I've made this several ways now. First, as closely to the original as possible making a dressing that I hope can be easily veganized for anyone looking to keep this salad vegan. I did not use vegannaise or vegan Worcestershire when I tested this, but I have faith that the vegan versions of these two ingredients will sub in here nicely. With real mayo and Worcestershire, the dressing is delicious, too, so if you don't care about keeping this vegan, make the dressing with real mayo/Worcestershire.
I've also used my favorite caesar dressing, which can be found on this post: Kale Caesar Salad. This is probably my favorite way to prepare it — I just love this dressing.
I've also added the pulled meat from a poached chicken breast to make it a little more substantial (see last photo above.) I've also used sunflower seeds in place of the pumpkin seeds, and they worked fine, but they are not as good. I've also used Tuscan kale, but I prefer curly with this recipe.
For the salad:
- 1 small red onion, thinly sliced
- red wine vinegar or other
- 1/2 cup pumpkin seeds
- 1 lb. curly kale, stemmed and roughly chopped
- sea salt to taste
- Fresh pepper to taste
For the vegan dressing:
- 2 to 3 cloves garlic
- 1 tablespoon Dijon mustard
- 1 tablespoon vegan Worcestershire sauce
- 2 tablespoons fresh lemon juice
- 1 tablespoon white wine or white balsamic vinegar
- 1/4 cup vegannaise
- 1/2 teaspoon kosher salt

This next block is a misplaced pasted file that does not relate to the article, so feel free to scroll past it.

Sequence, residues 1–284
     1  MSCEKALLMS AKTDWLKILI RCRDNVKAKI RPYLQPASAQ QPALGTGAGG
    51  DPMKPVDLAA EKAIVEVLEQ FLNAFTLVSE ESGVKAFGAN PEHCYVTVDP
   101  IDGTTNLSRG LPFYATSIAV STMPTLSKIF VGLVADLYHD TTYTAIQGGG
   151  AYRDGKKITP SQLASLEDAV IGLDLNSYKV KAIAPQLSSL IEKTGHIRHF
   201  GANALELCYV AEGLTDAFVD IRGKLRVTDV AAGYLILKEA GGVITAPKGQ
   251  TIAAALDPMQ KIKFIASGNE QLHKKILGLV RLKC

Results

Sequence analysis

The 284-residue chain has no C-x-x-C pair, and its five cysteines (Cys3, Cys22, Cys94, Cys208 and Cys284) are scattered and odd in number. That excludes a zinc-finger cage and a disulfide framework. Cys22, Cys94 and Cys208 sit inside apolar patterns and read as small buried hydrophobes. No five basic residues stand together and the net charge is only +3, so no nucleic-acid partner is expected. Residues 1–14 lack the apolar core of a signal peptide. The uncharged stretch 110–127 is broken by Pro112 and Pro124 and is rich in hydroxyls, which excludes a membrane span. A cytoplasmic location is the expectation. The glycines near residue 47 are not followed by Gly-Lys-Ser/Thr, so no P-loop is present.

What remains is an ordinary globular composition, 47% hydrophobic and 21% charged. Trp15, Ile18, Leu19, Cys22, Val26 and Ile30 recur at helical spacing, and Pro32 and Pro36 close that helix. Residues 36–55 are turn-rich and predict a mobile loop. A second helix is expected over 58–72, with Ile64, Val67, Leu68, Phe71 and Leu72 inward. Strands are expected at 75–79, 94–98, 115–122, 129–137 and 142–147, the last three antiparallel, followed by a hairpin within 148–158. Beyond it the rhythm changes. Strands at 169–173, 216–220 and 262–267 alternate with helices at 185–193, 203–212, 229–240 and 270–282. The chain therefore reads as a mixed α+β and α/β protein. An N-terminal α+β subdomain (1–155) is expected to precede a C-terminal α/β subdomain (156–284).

- freshly ground pepper to taste
- 1/2 cup extra-virgin olive oil
- Place the onion in a small bowl. Cover with vinegar or nearly cover with vinegar.
- In a large sauté pan over medium heat, toast the pumpkin seeds until fragrant and just turning to color, 5 to 7 minutes. Check often and stir frequently. Transfer seeds to a plate to cool.
- Wash the kale, if necessary, by submerging it with cold water in a large bowl. Let it sit for 10 minutes to allow the dirt to settle. Dry using a salad spinner, then transfer to large salad bowl. Dry with additional towels or paper towels if necessary. Tear the kale into small pieces.
- Make the dressing: In the bowl of a food processor, purée the garlic, mustard, Worcestershire, lemon juice, vinegar, mayonnaise, salt and pepper until smooth. With the motor running, pour the oil down the food pusher insert so it enters the processor through the teensy pinhole. Purée until smooth. Dressing should be emulsified and pourable. If it's too thick, thin with water, lemon or vinegar to taste. Adjust seasoning as necessary. Transfer dressing to a storage vessel. Don't clean the mixer. Purée the pumpkin seeds until fine.
- Top the kale with the onions, leaving the excess vinegar behind. (Save for another use.) Top with puréed pumpkin seeds. Top with 1/3 cup of the salad dressing. Toss to coat, using your hands to massage the kale with the dressing — be aggressive. Taste salad. If you like the ratio of dressing-to-leaf, add a pinch of sea salt, toss, taste, and adjust again. If the leaves need more dressing, add more to taste. Season with pepper to taste.